In a Comparison Chart mentioned in Diane’s post, you can see a comparison between CreateSpace and KDP Print that shows which can do what. CreateSpace can do everything, but KDP can do only 3 of the 7.

So, when I heard the news, I immediately had to wonder: will how long before CreateSpace is absorbed into Amazon and stops offering its services altogether? Only time will tell.

Update: Chris McMullen’s Point Of View

Chris left me a kind comment, which I’m sharing here as I think it’s worth reading.

I’m not yet worried about CreateSpace and KDP print possible merging. Obviously, I have an action plan, just in case. But I don’t expect it to come too soon or to be a big problem.

For one, CreateSpace is still huge compared to KDP print. Millions of print books have been published through KDP. It will take KDP print much time to compare with that, and most of the top-selling print books are still at CreateSpace.

For another, if the transition does happen, Amazon will likely keep indie authors content. Look at changes that occurred over at KDP—including preorders, advertising on AMS, improved reporting, improved preview options, new publishing tools, revised structure for Kindle Unlimited (remember that famous 10% mark?)— through the years. This shows that Amazon does listen to authors’ requests. Amazon is customer service oriented.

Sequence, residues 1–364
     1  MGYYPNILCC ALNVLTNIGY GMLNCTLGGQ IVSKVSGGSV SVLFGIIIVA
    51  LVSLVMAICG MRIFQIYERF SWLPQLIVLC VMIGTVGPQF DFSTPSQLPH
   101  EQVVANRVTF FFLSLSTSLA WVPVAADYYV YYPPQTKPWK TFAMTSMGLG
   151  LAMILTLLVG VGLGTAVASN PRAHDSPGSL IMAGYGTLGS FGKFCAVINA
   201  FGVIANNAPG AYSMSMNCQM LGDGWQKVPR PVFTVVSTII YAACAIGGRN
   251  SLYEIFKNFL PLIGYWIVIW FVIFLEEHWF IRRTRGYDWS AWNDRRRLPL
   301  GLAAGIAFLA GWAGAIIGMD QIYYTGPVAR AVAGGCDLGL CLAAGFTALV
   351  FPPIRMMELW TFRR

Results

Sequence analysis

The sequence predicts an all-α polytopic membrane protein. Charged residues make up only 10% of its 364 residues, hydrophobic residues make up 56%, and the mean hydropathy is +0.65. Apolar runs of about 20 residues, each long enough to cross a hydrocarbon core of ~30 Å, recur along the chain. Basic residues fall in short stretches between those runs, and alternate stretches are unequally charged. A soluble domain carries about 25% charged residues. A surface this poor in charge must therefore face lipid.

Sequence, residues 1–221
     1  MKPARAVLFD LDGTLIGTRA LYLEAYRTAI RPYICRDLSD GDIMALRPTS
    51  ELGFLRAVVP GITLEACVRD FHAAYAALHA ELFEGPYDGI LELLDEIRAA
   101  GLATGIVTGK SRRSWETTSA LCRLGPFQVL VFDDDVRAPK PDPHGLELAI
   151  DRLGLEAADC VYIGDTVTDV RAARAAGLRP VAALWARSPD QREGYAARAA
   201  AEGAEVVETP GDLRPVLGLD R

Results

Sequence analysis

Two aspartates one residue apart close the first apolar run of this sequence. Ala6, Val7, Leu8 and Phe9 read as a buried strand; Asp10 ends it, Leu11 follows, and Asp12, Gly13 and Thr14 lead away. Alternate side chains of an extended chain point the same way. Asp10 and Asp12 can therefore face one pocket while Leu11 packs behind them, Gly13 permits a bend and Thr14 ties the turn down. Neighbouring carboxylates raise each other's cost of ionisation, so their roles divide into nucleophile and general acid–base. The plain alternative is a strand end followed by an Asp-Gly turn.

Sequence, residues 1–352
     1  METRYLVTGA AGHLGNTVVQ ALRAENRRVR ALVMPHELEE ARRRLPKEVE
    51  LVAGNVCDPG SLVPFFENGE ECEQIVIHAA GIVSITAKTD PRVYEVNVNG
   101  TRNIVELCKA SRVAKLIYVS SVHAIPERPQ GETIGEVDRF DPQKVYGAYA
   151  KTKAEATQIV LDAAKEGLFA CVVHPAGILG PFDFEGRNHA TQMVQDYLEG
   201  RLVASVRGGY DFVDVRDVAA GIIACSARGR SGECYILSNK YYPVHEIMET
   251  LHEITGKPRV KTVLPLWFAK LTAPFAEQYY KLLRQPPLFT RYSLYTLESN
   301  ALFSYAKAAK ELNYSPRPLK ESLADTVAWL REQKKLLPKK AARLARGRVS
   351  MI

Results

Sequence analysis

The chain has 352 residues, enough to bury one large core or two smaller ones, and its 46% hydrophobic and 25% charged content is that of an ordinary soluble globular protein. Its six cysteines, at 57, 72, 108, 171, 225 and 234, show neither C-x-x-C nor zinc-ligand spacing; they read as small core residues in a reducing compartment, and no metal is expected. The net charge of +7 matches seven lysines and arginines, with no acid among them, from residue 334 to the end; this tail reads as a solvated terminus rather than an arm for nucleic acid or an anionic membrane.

I think that’s exactly what happened here. Customers and authors both complained about CreateSpace’s eStore. It’s an unknown site, unsearchable, doesn’t offer Prime, doesn’t help with Amazon sales ranks, etc. Amazon offered a simple solution. For 99.99% of authors, it’s better this way: Few were getting sales at their eStore, and for those who were linking to their eStore, customers were walking away because they had to sign up for a new account and pay for shipping. If instead authors had linked to Amazon, most would have closed more sales. For the few did earn significant eStore sales, they could publish a special edition with Lulu and sell copies from Lulu’s storefront, while keeping everything else through CreateSpace.

There would be wide-scale frustration if authors couldn’t order proofs or reasonably priced author copies. It seems unlikely that Amazon would take so much away. (Like I said, I always have an action plan, just in case. That doesn’t prevent me from remaining optimistic though.)

I’m still happy to recommend CreateSpace.